A retired army general, Ishola Williams, has condemned the Nigerian Army for imposing the death sentence on 54 soldiers accused of mutiny, saying the soldiers were justified in refusing to join operations without being properly equipped.
Mr. Williams said the soldiers were right in disobeying orders that would lead to certain death as a result of the failure of their commanding officers to provide them the necessary equipment.
On December 17, 2014 after a secret trial in Abuja, 54 soldiers of the 111 Special Forces battalion charged with criminal conspiracy to commit mutiny and mutiny were sentenced to death by firing squad by Nigerian Army’s 7 division General Court Martial.
The military said the soldiers disobeyed the order of their commanding officer to take part in an operation to dislodge Boko Haram terrorists from Delwa, a town close to Maiduguri.
Some of the accused soldiers testified that they refused to take part in the operation following the failure of the army to provide them with the necessary support equipment.
The soldiers were later transferred to Lagos where they await either the confirmation of the sentence, an appeal, a pardon or execution.
Military sources and the lawyer representing the soldiers, Femi Falana, told PREMIUM TIMES last week that they troops were held under deplorable conditions, and were denied food and care.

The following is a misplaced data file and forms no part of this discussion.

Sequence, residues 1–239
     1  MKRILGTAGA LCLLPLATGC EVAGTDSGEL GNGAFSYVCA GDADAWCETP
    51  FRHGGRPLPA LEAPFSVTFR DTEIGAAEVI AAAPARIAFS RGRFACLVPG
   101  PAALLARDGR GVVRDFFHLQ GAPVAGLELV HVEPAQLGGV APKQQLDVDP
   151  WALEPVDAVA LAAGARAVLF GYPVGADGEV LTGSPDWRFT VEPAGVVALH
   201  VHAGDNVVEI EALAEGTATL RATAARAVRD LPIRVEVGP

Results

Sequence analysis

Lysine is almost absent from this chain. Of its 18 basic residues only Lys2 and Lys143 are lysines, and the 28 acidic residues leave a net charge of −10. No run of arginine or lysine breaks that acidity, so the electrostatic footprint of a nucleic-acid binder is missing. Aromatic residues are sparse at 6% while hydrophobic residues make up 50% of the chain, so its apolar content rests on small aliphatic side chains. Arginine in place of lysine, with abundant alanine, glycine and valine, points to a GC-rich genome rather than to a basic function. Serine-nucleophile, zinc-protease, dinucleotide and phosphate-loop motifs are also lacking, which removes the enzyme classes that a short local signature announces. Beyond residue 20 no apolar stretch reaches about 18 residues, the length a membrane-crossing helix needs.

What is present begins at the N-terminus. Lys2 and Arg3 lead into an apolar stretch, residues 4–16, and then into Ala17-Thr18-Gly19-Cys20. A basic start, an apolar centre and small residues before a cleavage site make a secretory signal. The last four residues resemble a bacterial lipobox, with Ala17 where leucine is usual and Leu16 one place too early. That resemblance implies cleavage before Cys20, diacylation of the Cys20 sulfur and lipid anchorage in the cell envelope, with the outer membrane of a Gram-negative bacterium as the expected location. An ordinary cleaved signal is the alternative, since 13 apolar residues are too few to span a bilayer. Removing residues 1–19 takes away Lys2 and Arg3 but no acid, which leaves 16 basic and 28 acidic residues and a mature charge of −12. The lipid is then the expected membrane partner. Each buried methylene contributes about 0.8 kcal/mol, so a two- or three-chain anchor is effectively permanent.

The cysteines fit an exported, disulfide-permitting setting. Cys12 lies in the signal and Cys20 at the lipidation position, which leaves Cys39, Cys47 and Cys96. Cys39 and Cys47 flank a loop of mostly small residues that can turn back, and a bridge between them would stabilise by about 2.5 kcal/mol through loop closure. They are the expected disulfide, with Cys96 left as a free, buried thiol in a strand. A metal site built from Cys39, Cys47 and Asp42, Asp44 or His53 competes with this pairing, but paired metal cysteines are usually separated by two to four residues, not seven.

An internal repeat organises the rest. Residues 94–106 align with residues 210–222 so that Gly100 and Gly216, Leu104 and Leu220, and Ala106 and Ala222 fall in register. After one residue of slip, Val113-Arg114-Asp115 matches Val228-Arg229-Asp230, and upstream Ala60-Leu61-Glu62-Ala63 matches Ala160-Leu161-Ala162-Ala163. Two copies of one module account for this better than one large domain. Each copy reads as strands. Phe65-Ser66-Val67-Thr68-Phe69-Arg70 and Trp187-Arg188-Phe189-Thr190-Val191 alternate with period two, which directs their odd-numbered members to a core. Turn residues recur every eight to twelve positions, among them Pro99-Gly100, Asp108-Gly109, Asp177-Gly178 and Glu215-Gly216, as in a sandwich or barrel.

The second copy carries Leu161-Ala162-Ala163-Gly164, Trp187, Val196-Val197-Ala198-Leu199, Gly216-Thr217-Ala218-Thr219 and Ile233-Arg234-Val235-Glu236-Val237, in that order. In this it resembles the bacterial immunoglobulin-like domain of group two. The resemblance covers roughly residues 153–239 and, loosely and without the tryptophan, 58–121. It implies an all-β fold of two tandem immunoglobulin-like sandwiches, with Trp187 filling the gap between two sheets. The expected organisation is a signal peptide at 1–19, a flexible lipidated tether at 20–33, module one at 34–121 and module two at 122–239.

Contributing to a debate on an online group, AfricanWorldForum, about a statement by Governor Rotimi Ameachi of Rivers State, that the condemned soldiers had the right to protest the government’s failure to equip them, Mr. Williams, who resigned from the army as a major general, said the military hierarchy is prosecuting the soldiers to cover its failure.
“Those playing politics with the lives of these soldiers who were being sent to commit suicide in the name of fatherland and they refused, have to be ashamed,” he said. “The army’s top hierarchy is covering up its weaknesses by court-martialling these soldiers. The staff from the HQ (defence headquarters) and the generals are to blame. Period.
Mr. Williams was the Chief of Defence Operations, Planning and Training, at the Defence Headquarters before resigning in 1993.
“Anywhere in the world a soldier/soldiers is /are allowed to disobey orders which will lead to certain death because of poor officership and inadequate logistics,” he said.
According to him, in the military, “there are no bad soldiers but bad officers.”
Mr. Williams, a former honorary Secretary General of Transparency In Nigeria (TIN) and currently the executive secretary of a security research organisation, Pan African Strategic and Policy Research Group (PANAFSTRAG), said while he was in the military the soldiers he knew were not mutinous and a good court would dismiss the death sentence.
“The South African constitution allows soldiers to protest. The Nigerian soldiers that I know and commanded during my career are not mutinous and will not be mutinous.
“You may wish to speak to CJTF(Commander of the JTF) in Maiduguri to be able to indict these soldiers. In a good court of law the death sentence will be not upheld,” he said. “Stop playing Politricks and Polifun with the lives of young men who were put in harm’s way without the method and tools in an environment in which demons are going crazy.
“It is sad and wicked to be unfair to them. Why were the Court-Martial (CM) held in secret? Even the presidency has not made any statement on this issue because it knows the circumstances in which these soldiers were operating. In other climes, before the CM, the Concerned Service Chief and Commanders would have resigned their commissions.”